With that, the dam broke, and ever since Schwartz has been outspoken about the time he spent with Trump, unleashing a veritable that-scene-in-Ghostbusters of sour memories that he’s apparently been holding down for decades. This included speaking with Jane Mayer at the New Yorker, who published the resulting article in the magazine’s July 25th issue. In it, Schwartz describes Trump as reptilian — nasty, dim, and weak — and claims to have written all of The Art of the Deal himself.
“I put lipstick on a pig,” he said. “I feel a deep sense of remorse that I contributed to presenting Trump in a way that brought him wider attention and made him more appealing than he is.” He went on, “I genuinely believe that if Trump wins and gets the nuclear codes there is an excellent possibility it will lead to the end of civilization.”
Schwartz also details, among many other things, Trump’s utter willingness to lie (something the entrepreneur “had a complete lack of conscience about,” securing him “a strange advantage” over adversaries), his obsession with “money, praise, and celebrity,” and the fact that by the time The Art of the Deal was on shelves, his personal fortunes were plummeting (“He was losing millions of dollars a day. He had to have been terrified.”). If Schwartz were writing the book today, he tells Mayer, he would call it The Sociopath.
The response came like clockwork. In a letter also published by the New Yorker, Trump Organization VP and general counsel Jason Greenblatt upbraids Schwartz for suggesting the presence of factual errors in a book he claims Schwartz was tasked with fact-checking. He goes on to demand that Schwartz immediately return all the money he’s been paid for his work on the book and provide written statements retracting his public comments about Trump, as well as a promise not to “generate or disseminate any misleading or inaccurate information or make any baseless accusations with respect to Mr. Trump or the Book at any point in the future.”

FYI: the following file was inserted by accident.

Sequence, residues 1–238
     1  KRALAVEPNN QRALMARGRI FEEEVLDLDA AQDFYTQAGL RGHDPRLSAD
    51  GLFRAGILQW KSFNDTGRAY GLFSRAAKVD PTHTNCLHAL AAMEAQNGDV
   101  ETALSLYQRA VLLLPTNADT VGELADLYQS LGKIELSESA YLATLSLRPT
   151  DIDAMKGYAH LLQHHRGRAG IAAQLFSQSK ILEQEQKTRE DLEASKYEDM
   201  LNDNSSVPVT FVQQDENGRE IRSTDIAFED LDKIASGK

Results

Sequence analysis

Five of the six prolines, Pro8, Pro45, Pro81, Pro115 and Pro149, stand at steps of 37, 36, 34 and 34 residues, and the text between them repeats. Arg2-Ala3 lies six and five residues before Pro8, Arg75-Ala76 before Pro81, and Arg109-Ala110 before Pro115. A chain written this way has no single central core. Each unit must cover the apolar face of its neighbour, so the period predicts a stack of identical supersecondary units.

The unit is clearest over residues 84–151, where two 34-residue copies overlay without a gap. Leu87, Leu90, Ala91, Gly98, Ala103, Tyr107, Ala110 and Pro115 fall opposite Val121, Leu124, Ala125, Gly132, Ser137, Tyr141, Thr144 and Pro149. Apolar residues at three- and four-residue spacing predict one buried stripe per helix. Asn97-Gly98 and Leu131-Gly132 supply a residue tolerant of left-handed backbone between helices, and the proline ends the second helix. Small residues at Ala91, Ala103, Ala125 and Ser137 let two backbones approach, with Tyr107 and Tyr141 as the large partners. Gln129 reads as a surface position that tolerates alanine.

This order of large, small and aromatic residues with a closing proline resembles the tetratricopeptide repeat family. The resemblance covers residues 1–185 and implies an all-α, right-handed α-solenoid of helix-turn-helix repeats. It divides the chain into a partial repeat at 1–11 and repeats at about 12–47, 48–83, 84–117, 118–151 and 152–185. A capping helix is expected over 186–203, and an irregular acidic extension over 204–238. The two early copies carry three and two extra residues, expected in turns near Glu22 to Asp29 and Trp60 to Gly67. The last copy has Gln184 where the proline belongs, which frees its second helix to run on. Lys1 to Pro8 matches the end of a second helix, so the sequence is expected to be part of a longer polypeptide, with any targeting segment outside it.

Schwartz’s lawyer, Elizabeth McNamara, quickly fired back a reply (also published by the New Yorker) that accused Greenblatt of “a transparent attempt to stifle legitimate criticism.” It goes on to note that Greenblatt’s letter “alludes vaguely to ‘defamatory statements,’ ‘outright lies’ and ‘downright fabrications,’” but fails to “identify a single statement by Mr. Schwartz that is factually false, let alone defamatory.”
This is essentially where the story stands, for now. Schwartz is not the only one of his kind — Ted Cruz Cohabitation Survivor Craig Mazin comes to mind (love that guy) — but, in an election season that has seen much terrified disbelief wrapped up in jokes, Schwartz’s comments stand out for their undisguised moral seriousness.
As for the implied threat of legal action, its seriousness is not immediately clear. While there’s no pleasure in imagining Tony Schwartz, a seemingly reasonable and decent person, facing down a lawsuit from Team Trump, it is worth saying that, if it happened, a defamation trial could be a public, research-based investigation into whether Donald Trump, who has managed to soft-shoe his way up to the engine room of American imperium, is, in fact, a liar.
And Tony Schwartz, if you’re out there, we’d love to talk to you. Please give us a call.
Ian Dreiblatt is the director of digital media at Melville House.